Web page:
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Petron: Japanese ship can’t salvage Solar I

August 31, 2006

ALTHOUGH the arrival of Japanese ship Shinsei Maru came as a sigh of relief, distressed coastal villagers will have to wait a bit longer before the oil leak scare in Central Philippines comes to an end.

Petron Corp. told dzBB radio Thursday that the “actual salvaging” of the sunken tanker MT Solar I would only begin after another vessel arrives in the Guimaras Strait to carry out the job.

Meanwhile, Malacañang admitted Thursday that the Solar I sinking highlighted government’s helplessness against oil spills even as President Gloria Macapagal Arroyo vowed that those reponsible for the tragedy “would pay dearly.”

“The current oil spill off Guimaras illustrates the seriousness of protecting our oceans and marine resources and our helplessness in dealing with accidents of this magnitude,”Mrs Arroyo, in a speech read by Presidential chief of staff Michael Defensor, said.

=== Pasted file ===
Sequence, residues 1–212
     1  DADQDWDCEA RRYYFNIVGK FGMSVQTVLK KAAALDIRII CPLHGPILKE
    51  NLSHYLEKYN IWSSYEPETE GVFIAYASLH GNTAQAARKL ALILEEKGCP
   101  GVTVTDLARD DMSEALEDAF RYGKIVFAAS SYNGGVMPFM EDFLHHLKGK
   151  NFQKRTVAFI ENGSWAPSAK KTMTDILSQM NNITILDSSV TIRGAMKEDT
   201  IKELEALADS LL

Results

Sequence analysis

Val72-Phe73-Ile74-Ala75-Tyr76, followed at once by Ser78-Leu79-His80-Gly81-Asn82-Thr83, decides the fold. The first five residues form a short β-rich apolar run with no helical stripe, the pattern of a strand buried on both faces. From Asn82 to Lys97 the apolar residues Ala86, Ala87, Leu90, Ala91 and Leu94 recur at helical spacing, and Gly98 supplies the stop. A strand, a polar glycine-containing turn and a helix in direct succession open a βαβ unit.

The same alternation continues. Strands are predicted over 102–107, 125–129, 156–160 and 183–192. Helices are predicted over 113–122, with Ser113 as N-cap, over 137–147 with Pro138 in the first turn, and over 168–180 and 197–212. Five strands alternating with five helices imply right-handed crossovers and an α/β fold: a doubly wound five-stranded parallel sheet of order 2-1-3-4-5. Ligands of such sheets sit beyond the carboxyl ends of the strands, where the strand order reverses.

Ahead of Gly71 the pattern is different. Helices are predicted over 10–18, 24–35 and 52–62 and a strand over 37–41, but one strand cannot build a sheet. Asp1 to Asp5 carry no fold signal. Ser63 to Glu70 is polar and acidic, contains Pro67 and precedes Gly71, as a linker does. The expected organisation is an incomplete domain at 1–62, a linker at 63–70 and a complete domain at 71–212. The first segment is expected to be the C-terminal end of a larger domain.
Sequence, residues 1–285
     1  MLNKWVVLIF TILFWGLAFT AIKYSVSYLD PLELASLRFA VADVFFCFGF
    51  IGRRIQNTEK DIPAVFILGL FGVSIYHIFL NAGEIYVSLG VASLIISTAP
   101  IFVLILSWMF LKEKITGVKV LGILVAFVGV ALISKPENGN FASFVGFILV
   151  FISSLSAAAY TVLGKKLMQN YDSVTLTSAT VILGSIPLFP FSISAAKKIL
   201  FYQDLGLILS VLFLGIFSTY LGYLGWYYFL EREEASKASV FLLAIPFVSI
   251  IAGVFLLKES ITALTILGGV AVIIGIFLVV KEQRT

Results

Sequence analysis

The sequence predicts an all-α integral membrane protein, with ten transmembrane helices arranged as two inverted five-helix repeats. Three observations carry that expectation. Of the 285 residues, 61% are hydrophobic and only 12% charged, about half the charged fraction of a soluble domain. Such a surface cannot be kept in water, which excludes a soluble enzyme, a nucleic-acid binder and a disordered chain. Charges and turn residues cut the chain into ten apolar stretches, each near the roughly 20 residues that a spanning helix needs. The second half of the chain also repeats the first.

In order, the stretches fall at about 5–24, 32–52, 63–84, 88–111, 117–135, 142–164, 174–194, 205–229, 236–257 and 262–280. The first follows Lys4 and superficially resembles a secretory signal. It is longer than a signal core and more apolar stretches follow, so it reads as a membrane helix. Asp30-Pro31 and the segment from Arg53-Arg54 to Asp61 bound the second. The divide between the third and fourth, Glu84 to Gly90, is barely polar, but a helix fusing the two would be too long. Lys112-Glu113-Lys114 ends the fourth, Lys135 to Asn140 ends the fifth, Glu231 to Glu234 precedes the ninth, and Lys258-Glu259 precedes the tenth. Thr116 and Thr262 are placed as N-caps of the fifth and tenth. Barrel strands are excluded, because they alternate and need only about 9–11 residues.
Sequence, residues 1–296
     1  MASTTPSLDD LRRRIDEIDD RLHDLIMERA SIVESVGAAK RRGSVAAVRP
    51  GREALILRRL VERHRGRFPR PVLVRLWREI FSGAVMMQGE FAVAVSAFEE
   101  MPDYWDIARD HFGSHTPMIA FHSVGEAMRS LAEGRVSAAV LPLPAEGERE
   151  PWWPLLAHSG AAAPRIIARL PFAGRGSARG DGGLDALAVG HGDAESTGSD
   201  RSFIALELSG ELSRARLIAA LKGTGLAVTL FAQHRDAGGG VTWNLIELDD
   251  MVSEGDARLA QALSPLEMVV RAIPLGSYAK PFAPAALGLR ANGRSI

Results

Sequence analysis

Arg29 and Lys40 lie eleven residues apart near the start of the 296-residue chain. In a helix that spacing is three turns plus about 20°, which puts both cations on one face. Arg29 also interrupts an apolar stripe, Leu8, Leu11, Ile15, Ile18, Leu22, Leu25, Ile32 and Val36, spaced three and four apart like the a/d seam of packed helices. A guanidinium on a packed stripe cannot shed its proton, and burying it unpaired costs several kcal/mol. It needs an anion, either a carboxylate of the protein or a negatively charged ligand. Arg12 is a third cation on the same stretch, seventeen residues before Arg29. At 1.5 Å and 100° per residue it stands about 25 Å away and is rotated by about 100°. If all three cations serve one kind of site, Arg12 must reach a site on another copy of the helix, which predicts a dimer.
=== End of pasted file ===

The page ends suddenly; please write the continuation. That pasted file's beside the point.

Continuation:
The prepared speech was read during the conferment ceremony for the 41st Master in National Security Administration graduates held at Malacanang’s Heroes’ Hall.

(For the full story, click GMA News.)

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2 comments

  1. Petron knows that the Japanese vessel they’ve contracted cannot salvage Solar 1. I’ve sent them an e-mail from my contacts here in NZ to try sonsub ltd. which is based in Europe. Its specialty is salvaging this kind at more than 600 meters deep.

    Daw may cancer cells sa idalom sang Guimaras strait. Imagina bala, ang cancer naga hinay-hinay nga naga-lapta sa lawas sang tubig. Soon, indi na ina pwede ma chemo – last stage na sang cancer. Hulaton na lang nga mapatay. Ti kung patay na, ilubong na lang.

    Subong iya, pwede pa ma remedyohan para indi makalambot sa mas malala nga sitwasyon.

    Dapat epwersa guid ang Solar 1 kag Petron to present their project plan with timelines sa pag float o syphon man sang langis.


  2. Thank you Cecil. I hope Petron does look into this suggestion of yours because time is a-wasting. And yes, I agree with your analogy, it is a cancer spreading in the waters of Guimaras. And we can’t wait until we reach the last stage when “chemotherapy” can no longer be used to treat it.

    The work of salvaging Solar I, or at least siphoning whatever bunker fuel is left in it, must be done now. The provincial government of Guimaras must give Petron a deadline to do this, because it seems the national government couldn’t care less and would just rather have the Chief Executive look pretty walking along the beach.



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